The following factors affect the results of blood pressure measurement:
1. Anxiety, stress, and/or pain Sometimes the mere fact of having the blood pressure taken by a physician can cause a nervous and anxious patient to experience a significant rise in the blood pressure (so-called white coat syndrome) (21,22).
2. Exercise, such as climbing a couple of flights of stairs, and even mild activity involving bending or stooping in the elderly could raise the pressure. It should be noted that the transfer of energy of pulse pressure wave to the periphery is greater at low frequencies (<2.5 Hz) in patients at rest because of slower heart rates and longer ejection time. With exercise and the associated faster heart rates and shorter ejection time, the energy transfer occurs at higher frequencies (>2.5 Hz). Because higher frequencies are amplified more, the systolic brachial pressure will be elevated and may not necessarily reflect the true central aortic systolic pressure (23-25).
3. Exposure to cold by causing sympathetic vasoconstriction will raise the pressures.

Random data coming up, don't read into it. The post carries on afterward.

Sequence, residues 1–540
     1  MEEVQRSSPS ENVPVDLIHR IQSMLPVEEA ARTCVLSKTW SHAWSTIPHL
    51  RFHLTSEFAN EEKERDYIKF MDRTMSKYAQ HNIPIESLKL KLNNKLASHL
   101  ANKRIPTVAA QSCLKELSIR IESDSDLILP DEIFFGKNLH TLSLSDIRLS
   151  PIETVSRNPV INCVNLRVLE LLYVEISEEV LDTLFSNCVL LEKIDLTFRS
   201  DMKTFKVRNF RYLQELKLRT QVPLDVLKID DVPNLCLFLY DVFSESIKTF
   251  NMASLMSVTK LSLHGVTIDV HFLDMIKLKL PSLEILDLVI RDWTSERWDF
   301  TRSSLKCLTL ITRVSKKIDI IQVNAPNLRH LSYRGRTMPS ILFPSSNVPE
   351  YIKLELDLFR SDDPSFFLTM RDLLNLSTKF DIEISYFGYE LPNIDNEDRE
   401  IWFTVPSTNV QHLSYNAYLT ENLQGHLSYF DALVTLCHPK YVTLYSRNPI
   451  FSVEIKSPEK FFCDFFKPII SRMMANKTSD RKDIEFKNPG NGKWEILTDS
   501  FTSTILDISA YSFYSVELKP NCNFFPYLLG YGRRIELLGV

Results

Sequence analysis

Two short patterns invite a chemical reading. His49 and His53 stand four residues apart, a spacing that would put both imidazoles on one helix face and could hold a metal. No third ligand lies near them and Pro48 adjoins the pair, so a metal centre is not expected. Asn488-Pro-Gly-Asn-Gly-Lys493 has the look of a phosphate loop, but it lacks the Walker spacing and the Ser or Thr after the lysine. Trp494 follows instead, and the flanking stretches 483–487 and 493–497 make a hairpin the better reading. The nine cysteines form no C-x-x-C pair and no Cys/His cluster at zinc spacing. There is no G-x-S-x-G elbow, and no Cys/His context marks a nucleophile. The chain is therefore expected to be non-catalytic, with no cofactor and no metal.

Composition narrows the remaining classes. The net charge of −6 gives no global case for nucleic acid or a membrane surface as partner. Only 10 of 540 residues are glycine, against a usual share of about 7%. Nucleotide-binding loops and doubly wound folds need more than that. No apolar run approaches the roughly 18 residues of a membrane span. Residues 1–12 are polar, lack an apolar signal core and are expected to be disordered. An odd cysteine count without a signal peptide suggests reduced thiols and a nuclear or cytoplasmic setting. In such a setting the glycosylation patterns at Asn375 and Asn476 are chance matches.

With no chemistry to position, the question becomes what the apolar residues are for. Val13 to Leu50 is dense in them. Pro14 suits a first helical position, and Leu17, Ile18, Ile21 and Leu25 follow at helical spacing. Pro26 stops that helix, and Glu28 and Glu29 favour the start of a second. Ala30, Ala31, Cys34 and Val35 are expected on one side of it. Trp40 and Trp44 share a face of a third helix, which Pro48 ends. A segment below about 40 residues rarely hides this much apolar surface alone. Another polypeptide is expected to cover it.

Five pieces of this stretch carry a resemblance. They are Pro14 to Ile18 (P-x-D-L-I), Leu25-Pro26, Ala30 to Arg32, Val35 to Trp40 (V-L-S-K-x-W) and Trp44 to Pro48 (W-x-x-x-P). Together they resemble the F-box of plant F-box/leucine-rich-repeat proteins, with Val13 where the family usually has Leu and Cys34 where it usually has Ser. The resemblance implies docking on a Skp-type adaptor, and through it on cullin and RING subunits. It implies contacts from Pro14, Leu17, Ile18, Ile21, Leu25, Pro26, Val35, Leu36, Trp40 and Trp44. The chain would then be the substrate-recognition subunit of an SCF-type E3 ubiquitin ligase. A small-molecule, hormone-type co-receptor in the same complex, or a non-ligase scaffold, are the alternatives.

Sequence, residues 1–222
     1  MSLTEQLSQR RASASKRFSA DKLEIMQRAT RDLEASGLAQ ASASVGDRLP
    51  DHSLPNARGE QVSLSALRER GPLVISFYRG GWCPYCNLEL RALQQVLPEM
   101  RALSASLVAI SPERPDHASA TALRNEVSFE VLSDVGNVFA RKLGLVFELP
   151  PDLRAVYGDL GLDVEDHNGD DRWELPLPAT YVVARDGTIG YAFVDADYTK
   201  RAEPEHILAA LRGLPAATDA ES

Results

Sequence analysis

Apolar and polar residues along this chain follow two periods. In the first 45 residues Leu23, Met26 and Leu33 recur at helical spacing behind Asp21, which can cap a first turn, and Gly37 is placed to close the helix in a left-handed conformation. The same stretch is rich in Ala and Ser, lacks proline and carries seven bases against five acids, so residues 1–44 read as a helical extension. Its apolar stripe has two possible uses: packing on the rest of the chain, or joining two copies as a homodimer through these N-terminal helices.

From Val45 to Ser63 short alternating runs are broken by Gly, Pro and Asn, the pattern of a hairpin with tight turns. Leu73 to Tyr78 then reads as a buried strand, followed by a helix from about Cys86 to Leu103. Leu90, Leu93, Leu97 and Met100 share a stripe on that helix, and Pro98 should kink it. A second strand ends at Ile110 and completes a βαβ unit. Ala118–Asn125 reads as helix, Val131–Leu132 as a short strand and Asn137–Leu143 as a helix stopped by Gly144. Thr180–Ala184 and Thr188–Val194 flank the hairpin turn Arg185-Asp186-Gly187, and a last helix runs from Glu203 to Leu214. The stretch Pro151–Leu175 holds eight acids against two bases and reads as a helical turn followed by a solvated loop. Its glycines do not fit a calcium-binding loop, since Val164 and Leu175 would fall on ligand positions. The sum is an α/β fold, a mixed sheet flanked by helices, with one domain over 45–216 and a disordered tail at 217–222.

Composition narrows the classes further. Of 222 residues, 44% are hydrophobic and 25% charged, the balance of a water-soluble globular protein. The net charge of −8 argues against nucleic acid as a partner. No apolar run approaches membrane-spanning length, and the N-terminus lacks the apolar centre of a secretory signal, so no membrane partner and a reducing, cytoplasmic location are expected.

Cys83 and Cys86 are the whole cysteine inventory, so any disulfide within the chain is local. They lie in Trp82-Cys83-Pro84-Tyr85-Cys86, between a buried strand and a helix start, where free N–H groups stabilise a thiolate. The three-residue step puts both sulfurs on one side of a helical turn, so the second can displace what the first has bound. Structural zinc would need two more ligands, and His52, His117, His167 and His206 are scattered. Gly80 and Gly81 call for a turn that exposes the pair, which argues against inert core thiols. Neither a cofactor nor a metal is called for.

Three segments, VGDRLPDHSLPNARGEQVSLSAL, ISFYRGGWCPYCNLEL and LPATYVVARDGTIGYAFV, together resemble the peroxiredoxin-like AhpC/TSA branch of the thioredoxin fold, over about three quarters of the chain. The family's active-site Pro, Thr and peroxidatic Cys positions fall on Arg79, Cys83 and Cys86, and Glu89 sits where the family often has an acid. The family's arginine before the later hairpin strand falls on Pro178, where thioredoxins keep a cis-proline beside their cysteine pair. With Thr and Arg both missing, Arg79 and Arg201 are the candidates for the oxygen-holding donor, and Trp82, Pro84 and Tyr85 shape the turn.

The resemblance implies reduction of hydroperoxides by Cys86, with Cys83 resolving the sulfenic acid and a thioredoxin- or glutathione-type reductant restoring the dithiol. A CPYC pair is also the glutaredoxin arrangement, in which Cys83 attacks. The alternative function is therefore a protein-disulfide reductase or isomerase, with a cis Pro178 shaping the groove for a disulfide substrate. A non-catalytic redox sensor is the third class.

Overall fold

4. Postprandial state will tend to lower the pressure. In addition to increased vagal tone necessary for increased peristalsis, the lower pressure is likely related to vasodilatation in the mesenteric vessels diverting more blood to the gut for the purpose of proper digestion. This probably also relates to the increase in angina or postprandial decrease in exercise tolerance in patients with exertional angina. The increased demand of blood supply to the gut, increasing the work load of the heart coupled with the decreased diastolic pressure (coronary perfusion pressure), leads to mismatch between the oxygen demand and the coronary blood supply, resulting in angina.
5. Alcohol acutely will lower the pressure, whereas chronic alcohol consumption raises the pressures.
6. Both chronic and acute cigarette smoking tend to cause elevated pressures.
7. Use of illicit drugs such as cocaine may cause significant elevations in blood pressure.
8. Excessive use of liquorice can lead to sustained hypertension.
9. Distension of viscus organs, such as the urinary bladder, gall bladder, and bowels, can cause severe increase in pressures.
10. Significant drop in blood pressure may be noted on postural change from a supine to an erect position (postural hypotension) in patients with hypovolemia, following use of certain antihypertensive drugs, and in patients with diabetes with autonomic dysfunction. This is more common in type 1 diabetics.
11. During pregnancy the uterus can compress the inferior vena cava in the supine position and cause decreased venous return, thereby lowering the blood pressure. It is therefore always advisable to measure the blood pressure in a pregnant woman in the sitting position.
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